Pennsylvania as the new Wisconsin in union fights

By Grover G. Norquist and Patrick Gleason
January 27, 2014

The Wisconsin state capitol was the site of massive protests in 2011 during the fight to pass Republican Governor Scott Walker’s labor reforms. The following year Big Labor staged demonstrations in Michigan against Republican Governor Rick Snyder’s right-to-work bill, which ultimately passed. Now Pennsylvania’s state capitol is set to reach fever pitch, as unions plan to bus in hundreds of protestors this week to fight legislation that, if bad for union bosses, could be a boon to rank-and-file workers.

Pennsylvania is a longtime labor stronghold. Consider that a plaque directly across from the state capitol commemorates the unionization of government workers. But Pennsylvania lawmakers are now poised to pass a law to end automatic deduction of union dues from government employee paychecks.

The “paycheck protection” bills pending in state Senate and House of Representatives committees, propose to prohibit government employers from deducting from a public employee’s salary “any funds which inure to the benefit of a private organization.”

If enacted, this legislation would end this use of state resources for political activity. Currently, the state uses taxpayer resources to collect union dues from government workers and these funds are used for political purposes by union lobbyists and political action committees. Police, firefighter and prison guard unions, however, are not covered by the bill.

For state Representative Bryan Cutler (R), sponsor of the House bill, it comes down to whether union political dues collection is an appropriate state government function. “The entire bill is about one fundamental question,” said Cutler. “Should government be in the business of collecting political money?”

Unions have declared war against this simple reform. In a recent op-ed, Rick Bloomingdale, president of the Pennsylvania chapter of the AFL-CIO, wrote that this law would harm workers’ ability to negotiate and “singles out unions only for unnecessary and burdensome rules and restrictions.”

But Bloomingdale seems confused. This legislation does nothing to change the relationship between a worker and his or her union; or the union and an employer.

Instead, this change empowers workers — making union leadership more responsive and accountable to them. Bloomingdale and other union bosses speak highly of what they do for workers. If they provide such valuable representation and services, they’ll have no problem getting workers to voluntarily pay to become members — like every private association and organization already does. (Including the one we work for.)

The fact that the AFL-CIO, AFSCME, and others think they need the state to collect their dues is telling. Expect a continuation of their claims that paycheck protection would hinder workers’ right to organize or negotiate.

It would do no such thing. Instead, it would force union brass to prove their value to rank-and-file workers in order to convince them to part with their hard-earned income. Just as a parent with an education voucher is empowered and taken more seriously by school officials than a parent without choice, workers are empowered when the decision whether to give their money to unions is voluntary.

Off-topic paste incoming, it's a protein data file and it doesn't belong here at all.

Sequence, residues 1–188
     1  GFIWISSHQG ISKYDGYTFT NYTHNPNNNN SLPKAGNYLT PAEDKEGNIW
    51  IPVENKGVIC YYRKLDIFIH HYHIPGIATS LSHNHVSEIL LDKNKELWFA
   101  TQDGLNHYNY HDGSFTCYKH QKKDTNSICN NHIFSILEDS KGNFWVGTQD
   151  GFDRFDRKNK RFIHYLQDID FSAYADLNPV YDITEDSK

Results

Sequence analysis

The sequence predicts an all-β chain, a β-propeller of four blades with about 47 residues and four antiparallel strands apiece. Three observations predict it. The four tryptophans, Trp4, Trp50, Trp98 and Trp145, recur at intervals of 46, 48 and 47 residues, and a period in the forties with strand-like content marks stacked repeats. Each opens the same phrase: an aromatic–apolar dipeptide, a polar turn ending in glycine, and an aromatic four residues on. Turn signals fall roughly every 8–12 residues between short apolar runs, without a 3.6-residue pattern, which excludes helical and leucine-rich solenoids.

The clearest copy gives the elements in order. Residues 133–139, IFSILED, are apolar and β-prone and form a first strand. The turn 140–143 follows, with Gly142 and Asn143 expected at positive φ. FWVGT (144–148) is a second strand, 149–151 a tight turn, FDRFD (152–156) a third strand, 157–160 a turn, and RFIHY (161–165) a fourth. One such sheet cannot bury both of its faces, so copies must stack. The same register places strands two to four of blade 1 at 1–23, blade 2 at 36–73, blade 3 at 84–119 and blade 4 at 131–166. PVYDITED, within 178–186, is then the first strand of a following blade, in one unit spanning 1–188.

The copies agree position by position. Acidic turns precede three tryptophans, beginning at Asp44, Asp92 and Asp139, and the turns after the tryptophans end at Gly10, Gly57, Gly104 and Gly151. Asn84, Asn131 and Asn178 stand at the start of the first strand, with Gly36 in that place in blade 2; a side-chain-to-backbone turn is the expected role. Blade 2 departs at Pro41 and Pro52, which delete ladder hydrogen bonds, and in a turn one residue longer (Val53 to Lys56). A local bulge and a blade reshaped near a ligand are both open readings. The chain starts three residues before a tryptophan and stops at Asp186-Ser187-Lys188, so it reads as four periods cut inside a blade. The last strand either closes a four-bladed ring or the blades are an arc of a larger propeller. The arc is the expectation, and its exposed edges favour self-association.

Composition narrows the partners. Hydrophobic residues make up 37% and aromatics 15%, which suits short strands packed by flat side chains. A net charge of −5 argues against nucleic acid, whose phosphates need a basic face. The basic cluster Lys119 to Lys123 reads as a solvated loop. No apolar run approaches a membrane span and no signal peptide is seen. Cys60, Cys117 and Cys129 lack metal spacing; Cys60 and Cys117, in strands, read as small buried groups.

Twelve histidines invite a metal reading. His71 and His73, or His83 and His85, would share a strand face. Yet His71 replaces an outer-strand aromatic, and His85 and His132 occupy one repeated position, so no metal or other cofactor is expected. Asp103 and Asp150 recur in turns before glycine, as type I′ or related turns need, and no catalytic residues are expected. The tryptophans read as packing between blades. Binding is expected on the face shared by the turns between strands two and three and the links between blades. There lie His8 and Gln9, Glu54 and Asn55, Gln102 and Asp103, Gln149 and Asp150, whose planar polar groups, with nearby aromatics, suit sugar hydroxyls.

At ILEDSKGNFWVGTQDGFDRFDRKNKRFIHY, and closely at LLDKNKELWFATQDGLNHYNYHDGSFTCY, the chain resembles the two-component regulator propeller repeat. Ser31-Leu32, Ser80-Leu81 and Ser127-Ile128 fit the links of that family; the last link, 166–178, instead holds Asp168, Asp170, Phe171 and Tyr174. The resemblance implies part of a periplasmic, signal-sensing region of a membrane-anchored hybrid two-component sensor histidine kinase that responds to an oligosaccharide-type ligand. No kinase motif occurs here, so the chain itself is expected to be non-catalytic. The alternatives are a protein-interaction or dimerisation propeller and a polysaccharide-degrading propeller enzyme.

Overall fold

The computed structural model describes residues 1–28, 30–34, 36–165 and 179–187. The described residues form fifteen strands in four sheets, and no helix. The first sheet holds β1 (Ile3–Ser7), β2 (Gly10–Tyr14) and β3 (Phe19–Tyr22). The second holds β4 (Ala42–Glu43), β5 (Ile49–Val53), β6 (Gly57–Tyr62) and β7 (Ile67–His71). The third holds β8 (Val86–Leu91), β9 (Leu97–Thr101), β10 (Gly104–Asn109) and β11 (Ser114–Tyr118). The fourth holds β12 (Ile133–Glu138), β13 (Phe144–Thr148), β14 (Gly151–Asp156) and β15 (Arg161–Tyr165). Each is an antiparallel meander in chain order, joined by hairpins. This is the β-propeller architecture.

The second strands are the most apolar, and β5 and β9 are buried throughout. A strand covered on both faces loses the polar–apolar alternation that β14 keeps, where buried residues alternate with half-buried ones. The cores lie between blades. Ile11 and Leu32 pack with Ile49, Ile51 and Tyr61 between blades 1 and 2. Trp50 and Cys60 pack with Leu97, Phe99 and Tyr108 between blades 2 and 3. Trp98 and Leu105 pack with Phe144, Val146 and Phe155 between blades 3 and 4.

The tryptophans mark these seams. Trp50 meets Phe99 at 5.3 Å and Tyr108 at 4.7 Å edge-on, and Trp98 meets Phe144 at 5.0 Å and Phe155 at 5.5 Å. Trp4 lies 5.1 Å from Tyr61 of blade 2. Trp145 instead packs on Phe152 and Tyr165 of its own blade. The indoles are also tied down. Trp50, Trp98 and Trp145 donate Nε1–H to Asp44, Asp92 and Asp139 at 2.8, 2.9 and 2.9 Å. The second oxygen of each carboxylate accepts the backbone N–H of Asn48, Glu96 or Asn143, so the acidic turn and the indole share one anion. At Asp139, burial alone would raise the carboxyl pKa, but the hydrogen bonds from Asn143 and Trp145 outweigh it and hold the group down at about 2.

Speaking of school choice, the absence of this paycheck protection legislation may be one reason why Pennsylvania Governor Tom Corbett (R) has been unable to pass his education reform proposals and other key parts of his agenda. For unions use the millions of dollars in government employees’ dues to lobby for higher taxes and elect candidates who oppose school choice.

Corbett also campaigned on getting the state out of the liquor business. There is broad public support for this. Two-thirds of likely Pennsylvanians voters favor privatizing Pennsylvania’s arcane government-run wine and spirits system. This makes sense — since selling spirits is clearly not a core government function. Opening the industry up to competition would likely bring down costs — as well as widen the available selection.

But because the state funnels millions to union coffers at taxpayer expense, government unions are able to effectively lobby against getting the state out of the liquor business. Pennsylvania remains, four years after Republicans took control of the state capitol, the only state, aside from Utah, that runs both wholesale and retail liquor operations within its borders.

It now seems clear that a key factor in many major problems facing the Keystone State is the taxpayer-funded union dues collection system. It enables unions to block the policy reforms that would help make sure the state pension plans are funded and sustainable, fix a broken education system or change an uncompetitive tax and regulatory system that puts Pennsylvania at a disadvantage in attracting jobs and investment.

Expect a lot of bluster and hyperbole to come out of the demonstrations at the Pennsylvania capitol this week. According to a recent Commonwealth Foundation survey, however, 79 percent of Pennsylvania voters are opposed to the use of state resources for political activities.

The votes to pass this reform are reportedly there in the Pennsylvania legislature. Passage would be good policy — as well as good politics.


PHOTO (TOP): A view of the Pennsylvania State house from the State Street bridge in Harrisburg, Pennsylvania, January 18, 2012. HARRISBURG-CAMPBELL/ REUTERS/Tim Shaffer

PHOTO (INSERT1): Protesters occupy the Wisconsin State Capitol in Madison, Wisconsin, late into the night March 9, 2011. REUTERS/Allen Fredrickson

PHOTO (INSERT 2): Pennsylvania Governor Tom Corbett speaks at a news conference on the Penn State campus in State College, Pennsylvania January 2, 2013. REUTERS/Craig Houtz


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